The Geometry of Shadows

Lisa Amico Kristel



She wakes in the night and is drawn to his study. Since he’s been gone—almost a month now—she’s avoided the staid, wood-paneled room. Here, where she worked by his side throughout the night, surrounded by open books, as creativity visited them both in abundance. Here, where his brilliant mind shone upon her, and she became adept at the intricacies of his thoughts, mathematical and otherwise. Now the books are closed. Their graphs and diagrams, rolled and shelved. Since he’s been gone, she hasn’t had the strength to face these reminders of his death.

She takes two steps into the room’s silence. Light stretches across the floor in a skewed, rectangular plane before her. As the wind rattles the tall trees crowded outside, the band of light shifts with shadows. A bright edge ripples over her slippered toes, and she jumps back. How ridiculous she is! Still, when she walks farther into the room, she’s careful not to tread on the light.

She approaches the pair of French doors whence the light comes to investigate. Outside in the dark, across the bay, the always-there lights on the distant shore lay their uneven paths upon the water. There are three. There have always been three, and never have they crossed into the house.

She raises her eyes. Ah, the moon. It’s quite high and quite bright and quite flawlessly round.

Now that she understands the source of the light, she realizes she’s been shivering. She steadies herself. Moonlight, after all, is something she can understand.

Pressing close to the glass, she feels the night’s cold emanating through her thin white gown. The more she studies the moon, the more ineffable it seems. Why does its mottled skin seem to slip across its surface? Why has it called her into this room?

She turns her back to the window. With her eyes she follows the light’s path along the carpet, from beneath her feet to its farthest reach across the floor. Leaf and branch shadows cut into the rhombuses the moonlight throws through the windowpanes.

It’s lovely, she tells herself. Indeed, she recalls evenings in the garden, lit only by candleflame and moonlight. Or mornings, rising before dawn and bathing in the moon’s soft glow before the sun claimed the sky. And especially here in the study during the deepest night hours, where, as it shone outside, he first encouraged her to pen her name beneath the title of an article. A woman, published in a journal of maths! But he had been with her then. Alone, she no longer savors the night. Alone, she languishes in bed rather than rise before daybreak. And somehow, those memories ring at odds with the light she’s discovered tonight, like some strange miscalculation. Perhaps it is this imbalance that awoke her.

She sinks back into the velvet curtain and closes her eyes. When she opens them again, the tree shadows on the floor have gone still. Before she can consider the abrupt change, they disappear altogether. The lines between the panes—gone as well. From the base of the doors, almost to the other side of the room, a bright, uninterrupted trapezoid of light glows on the carpet. It is all straight edges, save for the curves of her shadow, which misshape its right side.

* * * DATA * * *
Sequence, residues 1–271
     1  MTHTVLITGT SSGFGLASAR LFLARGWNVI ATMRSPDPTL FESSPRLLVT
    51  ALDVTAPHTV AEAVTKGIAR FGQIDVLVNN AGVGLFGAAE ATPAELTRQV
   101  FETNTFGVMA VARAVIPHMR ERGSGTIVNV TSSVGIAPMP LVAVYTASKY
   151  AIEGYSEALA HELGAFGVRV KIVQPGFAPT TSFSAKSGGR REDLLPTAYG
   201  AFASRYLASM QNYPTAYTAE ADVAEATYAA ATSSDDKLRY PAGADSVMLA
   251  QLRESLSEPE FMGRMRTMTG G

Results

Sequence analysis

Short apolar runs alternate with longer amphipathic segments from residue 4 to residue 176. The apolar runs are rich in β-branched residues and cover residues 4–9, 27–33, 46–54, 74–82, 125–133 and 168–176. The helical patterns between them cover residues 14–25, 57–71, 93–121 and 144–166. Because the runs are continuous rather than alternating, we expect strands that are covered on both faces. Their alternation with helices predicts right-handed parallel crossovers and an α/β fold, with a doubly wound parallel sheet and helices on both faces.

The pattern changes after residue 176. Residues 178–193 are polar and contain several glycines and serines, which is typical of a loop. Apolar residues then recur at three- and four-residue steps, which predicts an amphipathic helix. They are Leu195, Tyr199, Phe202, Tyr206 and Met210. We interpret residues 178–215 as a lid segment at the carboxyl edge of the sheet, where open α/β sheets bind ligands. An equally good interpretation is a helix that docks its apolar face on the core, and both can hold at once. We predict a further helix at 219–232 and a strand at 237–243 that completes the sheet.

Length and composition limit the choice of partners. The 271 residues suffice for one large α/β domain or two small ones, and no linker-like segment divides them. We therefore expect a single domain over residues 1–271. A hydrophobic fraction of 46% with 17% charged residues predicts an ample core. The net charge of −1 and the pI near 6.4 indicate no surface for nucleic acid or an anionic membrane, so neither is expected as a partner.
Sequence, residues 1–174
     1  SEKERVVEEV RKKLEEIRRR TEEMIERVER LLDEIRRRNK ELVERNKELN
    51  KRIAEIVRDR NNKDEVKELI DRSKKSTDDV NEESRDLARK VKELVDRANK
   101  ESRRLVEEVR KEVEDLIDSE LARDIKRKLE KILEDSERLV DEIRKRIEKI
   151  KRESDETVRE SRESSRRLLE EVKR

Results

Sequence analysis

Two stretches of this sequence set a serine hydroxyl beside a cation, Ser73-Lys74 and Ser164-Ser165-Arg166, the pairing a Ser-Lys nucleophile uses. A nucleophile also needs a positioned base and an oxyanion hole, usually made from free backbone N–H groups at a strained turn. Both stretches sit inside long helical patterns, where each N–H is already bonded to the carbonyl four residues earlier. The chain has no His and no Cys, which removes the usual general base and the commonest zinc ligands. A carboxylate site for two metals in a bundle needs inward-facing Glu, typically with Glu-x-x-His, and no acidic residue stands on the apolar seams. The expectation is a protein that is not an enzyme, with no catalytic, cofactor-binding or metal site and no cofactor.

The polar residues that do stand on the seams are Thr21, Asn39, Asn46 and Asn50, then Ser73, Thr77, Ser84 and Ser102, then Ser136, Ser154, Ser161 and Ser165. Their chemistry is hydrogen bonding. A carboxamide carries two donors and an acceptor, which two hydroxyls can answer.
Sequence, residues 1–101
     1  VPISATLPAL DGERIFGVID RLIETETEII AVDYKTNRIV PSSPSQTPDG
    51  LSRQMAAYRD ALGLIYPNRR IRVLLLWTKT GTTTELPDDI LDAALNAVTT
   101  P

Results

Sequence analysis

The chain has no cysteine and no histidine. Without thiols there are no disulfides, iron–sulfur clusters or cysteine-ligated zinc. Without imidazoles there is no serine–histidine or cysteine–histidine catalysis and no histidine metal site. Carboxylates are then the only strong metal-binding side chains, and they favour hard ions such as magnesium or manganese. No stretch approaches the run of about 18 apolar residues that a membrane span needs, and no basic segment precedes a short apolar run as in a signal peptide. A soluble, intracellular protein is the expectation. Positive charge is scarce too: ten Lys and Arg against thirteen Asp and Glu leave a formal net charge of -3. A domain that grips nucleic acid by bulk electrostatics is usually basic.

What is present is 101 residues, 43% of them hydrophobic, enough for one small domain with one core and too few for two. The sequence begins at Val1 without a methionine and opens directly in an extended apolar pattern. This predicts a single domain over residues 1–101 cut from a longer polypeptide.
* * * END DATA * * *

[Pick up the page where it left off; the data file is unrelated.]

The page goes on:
As she stares at this inexplicable phenomenon, a new shadow breaches the border between darkness and light. It is that of a hand, and the moonlight, as it is wont to do, elongates its fingers to unnatural proportions. The phantom fingertips reach into the floor-light from the left, toward her half-silhouette on the right. The shadow of an intruder, here, beside her! Her chest tightens, and her breaths go shallow. She dares not look left, nor will her legs carry her away. She is pinned as firmly to the carpet as her shadow is pinned to her.

With her body thus immobilized, her mind runs off along tangents. She becomes obsessed with the geometry of the shadows. If, some four metres from these doors, the hand-shadow is a half-metre from her shadow, how far is the actual hand from her? How close? Over and over again she attempts to figure the ratio, but her fevered thoughts falter and trip over her stuttering heartbeat.

While one part of her brain formulates mathematical thoughts, another understands the folly of wasting time on them. Even in the absence of precise calculations, she knows the shadow’s owner is near. She must get out. Instead, she ponders ratios, theorems, proofs. An insane-sounding laugh erupts from her mouth, perhaps delivered by a third part of her brain—the one with the black sense of humor.

The earth shifts, or the moon does, and now its light travels to the farthest edge of the room, where it bends and climbs the wall. She raises her arm into the shine. She reaches higher, until her shadow touches the now illuminated painting there displayed—their wedding portrait. Through the glimmer of tears, she watches the phantom hand grasp her hand-shadow. Her heart fills to bursting with remembered passions, and memories of moonlight flood her mind.

She looks left, where her hand hangs in the air, untouched and alone as she.

Instead, she directs her gaze into the land of shadows. She much prefers its geometry.






A recovering computer programmer and restaurant owner, Lisa Amico Kristel is co-founder and host of the #YeahYouWrite Reading Series in New York City. She’s an active member of the Horror Writers Association, and her work has appeared in LampLight MagazineThe Fabulist, Typehouse Literary Magazine, and others. She lives in Oyster Bay, NY with her husband and a dog that isn’t really theirs.